HR ON FACEBOOK 6yet did not investigate the complaints further or turn them over to authorities. This behavior andlack of action continued for four years, at which time the employee was arrested and chargedwith both possession of child pornography and molestation of his stepdaughter. The companywas held liable for their lack of follow-through on the employee’s behavior, which was known,reported multiple times, prohibited by company policy, and also illegal. It was argued that, if theemployer had acted sooner and reported their findings to authorities, the employee may not havebeen enabled to progress to the point where he molested his stepdaughter. Litigation and eDiscovery. In the case discussed above, the employer’s liability was shownby recovering all of the paper and electronic documents proving the company’s awareness of theproblem and lack of action. The issue of data storage, in terms of “preservation, privacy andadmissibility” (BITS p.22), is especially relevant for employers dealing with the proliferation ofcommunications such as text messages, tweets, emails, and web log posts (Fowler, 2011). It isnot simply enough for an employer to be aware of the laws and write an electronic use policy,however; as shown in Doe v. XYZ Corp. above, the final piece of the puzzle is taking action toensure compliance with those regulations. If a case comes to court, that action or lack thereofshould be supported during legal discovery, which serves to emphasize the need for additionalpolicies around documentation of HR’s responses to these scenarios. Strategies for Reducing Risk Considering all of the risks associated with social media use by HR professionals, it is nowonder that more and more companies are developing electronic use policies that address usageof social media sites. Employers should designate a multidisciplinary team that can worktogether to develop a clear, thorough internet use policy that specifically addresses social mediause by both employees and employers. Shawaluk and Lippman (2011) suggest that this team be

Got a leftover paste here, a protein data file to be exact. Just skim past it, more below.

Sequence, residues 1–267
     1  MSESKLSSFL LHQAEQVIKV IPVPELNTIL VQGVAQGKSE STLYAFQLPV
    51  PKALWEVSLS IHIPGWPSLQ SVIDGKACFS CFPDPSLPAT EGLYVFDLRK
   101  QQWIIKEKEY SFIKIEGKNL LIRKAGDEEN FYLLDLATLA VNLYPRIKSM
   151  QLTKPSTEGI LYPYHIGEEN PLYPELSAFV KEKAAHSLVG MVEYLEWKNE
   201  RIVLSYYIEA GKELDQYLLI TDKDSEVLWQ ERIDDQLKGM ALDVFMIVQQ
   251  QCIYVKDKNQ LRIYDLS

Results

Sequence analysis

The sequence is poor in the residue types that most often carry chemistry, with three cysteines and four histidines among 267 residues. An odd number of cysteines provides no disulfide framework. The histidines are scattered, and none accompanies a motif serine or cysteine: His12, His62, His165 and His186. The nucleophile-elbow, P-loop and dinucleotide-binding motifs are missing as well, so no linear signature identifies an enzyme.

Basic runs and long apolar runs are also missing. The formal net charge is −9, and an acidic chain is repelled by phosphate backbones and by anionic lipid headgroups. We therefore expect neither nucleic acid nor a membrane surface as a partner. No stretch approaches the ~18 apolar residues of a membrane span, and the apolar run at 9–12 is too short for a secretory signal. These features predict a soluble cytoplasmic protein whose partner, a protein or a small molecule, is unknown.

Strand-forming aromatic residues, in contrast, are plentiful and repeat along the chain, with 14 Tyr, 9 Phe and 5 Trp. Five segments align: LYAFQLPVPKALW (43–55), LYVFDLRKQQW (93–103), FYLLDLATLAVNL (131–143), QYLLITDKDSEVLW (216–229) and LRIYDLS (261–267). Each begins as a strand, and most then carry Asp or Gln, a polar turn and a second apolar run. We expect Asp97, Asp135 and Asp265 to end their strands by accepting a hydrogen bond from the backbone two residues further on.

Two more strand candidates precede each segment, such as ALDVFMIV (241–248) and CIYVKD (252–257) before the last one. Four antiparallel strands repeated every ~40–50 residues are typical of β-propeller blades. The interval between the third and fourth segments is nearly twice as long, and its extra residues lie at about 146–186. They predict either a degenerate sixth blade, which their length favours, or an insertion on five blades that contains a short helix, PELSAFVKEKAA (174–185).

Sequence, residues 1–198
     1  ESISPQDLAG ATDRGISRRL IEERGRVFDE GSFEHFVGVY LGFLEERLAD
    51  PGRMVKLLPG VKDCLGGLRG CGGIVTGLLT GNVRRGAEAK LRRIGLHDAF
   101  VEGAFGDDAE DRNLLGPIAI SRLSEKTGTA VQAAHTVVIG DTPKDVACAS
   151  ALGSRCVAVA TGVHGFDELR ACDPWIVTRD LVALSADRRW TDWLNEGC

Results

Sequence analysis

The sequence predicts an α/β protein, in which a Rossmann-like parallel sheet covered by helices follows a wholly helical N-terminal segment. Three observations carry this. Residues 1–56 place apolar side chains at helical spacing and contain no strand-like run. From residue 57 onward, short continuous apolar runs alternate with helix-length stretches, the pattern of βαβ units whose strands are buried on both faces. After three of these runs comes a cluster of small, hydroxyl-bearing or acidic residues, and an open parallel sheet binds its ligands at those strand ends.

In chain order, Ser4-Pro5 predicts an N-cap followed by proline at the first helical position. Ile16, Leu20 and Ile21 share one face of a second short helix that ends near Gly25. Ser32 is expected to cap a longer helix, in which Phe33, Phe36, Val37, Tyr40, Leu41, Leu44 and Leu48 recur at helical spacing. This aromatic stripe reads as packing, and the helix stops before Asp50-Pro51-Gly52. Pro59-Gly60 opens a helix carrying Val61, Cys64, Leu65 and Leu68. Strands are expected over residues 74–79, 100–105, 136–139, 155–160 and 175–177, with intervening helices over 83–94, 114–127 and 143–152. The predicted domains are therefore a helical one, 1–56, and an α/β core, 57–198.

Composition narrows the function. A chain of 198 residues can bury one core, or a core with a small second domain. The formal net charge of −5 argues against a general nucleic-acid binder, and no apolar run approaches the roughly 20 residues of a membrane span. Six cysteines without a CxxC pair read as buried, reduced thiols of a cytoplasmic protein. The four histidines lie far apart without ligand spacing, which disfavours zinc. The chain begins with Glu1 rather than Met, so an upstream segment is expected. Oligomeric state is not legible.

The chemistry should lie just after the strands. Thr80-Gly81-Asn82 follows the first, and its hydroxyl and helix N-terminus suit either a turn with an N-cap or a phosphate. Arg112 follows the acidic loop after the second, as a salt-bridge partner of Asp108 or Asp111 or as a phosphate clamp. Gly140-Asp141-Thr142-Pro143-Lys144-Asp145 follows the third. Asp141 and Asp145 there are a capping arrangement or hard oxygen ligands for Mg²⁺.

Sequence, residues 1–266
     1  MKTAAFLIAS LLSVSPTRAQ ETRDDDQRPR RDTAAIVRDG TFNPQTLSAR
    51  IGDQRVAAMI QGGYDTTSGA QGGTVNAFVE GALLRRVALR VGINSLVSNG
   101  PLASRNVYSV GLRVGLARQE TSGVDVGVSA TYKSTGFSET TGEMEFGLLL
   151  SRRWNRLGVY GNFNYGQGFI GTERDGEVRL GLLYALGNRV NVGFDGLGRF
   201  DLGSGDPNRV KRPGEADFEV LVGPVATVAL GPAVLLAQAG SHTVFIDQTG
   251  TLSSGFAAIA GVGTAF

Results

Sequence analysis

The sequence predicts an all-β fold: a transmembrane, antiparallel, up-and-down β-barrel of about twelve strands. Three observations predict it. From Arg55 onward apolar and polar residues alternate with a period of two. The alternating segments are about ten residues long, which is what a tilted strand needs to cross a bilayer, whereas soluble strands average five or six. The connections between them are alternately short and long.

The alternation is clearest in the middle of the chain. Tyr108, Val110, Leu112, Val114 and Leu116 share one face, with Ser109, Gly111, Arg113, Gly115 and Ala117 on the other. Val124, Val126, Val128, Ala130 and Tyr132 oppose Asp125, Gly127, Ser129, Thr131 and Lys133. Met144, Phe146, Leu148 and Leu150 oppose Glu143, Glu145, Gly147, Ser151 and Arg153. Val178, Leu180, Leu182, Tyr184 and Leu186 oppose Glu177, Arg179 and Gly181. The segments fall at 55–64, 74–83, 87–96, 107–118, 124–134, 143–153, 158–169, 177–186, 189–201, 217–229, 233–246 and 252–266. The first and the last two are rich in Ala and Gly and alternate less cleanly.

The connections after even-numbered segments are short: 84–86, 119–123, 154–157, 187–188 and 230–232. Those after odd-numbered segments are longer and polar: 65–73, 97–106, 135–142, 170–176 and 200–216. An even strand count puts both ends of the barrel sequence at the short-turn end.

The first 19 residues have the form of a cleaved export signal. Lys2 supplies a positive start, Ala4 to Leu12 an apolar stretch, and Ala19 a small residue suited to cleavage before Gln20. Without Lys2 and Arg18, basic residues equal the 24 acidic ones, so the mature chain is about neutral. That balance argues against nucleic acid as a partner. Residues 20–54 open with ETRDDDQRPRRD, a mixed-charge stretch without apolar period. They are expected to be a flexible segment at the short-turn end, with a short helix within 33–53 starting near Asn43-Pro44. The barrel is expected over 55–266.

HR ON FACEBOOK 7made up of representatives from “human resources, legal, information technology, marketing,risk management, public relations, compliance and any other affected functions” (para. 4). Thisteam, preferably headed by an HR professional, would be responsible for ensuring that thecompany is able to educate management and staff on legal issues, standardize policies andprocedures related to social media usage, thoroughly train personnel, monitor staff activityrelated to the policy, and then take action when possible infractions are discovered. Educate. Management should be educated about legal issues related to employee privacy,anti-discrimination regulations, employer liability, communications laws, and many other areasthat may be connected to social media use. The HR department may hear complaints from co-workers regarding pictures posted on an employee’s Facebook page, for instance, and should beup to date with current court rulings in order to determine the next course of action. In the UnitedStates, that might mean becoming familiar with the Electronic Communications Privacy Act orwith “state laws that outlaw adverse employment action for off-site actions by employees that arenot unlawful” (Wood, 2010, “Employee Use of Social Media”). Multinational corporations mustalso research international laws, which can differ depending on “the location where such data isstored or processed or by the nationality of the individual” (BITS, 2011, p.5). Once the HR teamhas established a basic legal education around the use of social media in hiring, firing, and otherHR decisions, they may begin to develop standardized policies and procedures. Standardize. The first step in getting to where you want to be is to find out where you are.Employers need to examine their current roles, responsibilities, and policies regarding use ofsocial media before they can determine which areas need to be rewritten, strengthened, ordiscarded. An official policy should be developed in order to provide even a basic level ofprotection for the employer (Callegari, 2010), but the policy absolutely must “implement ground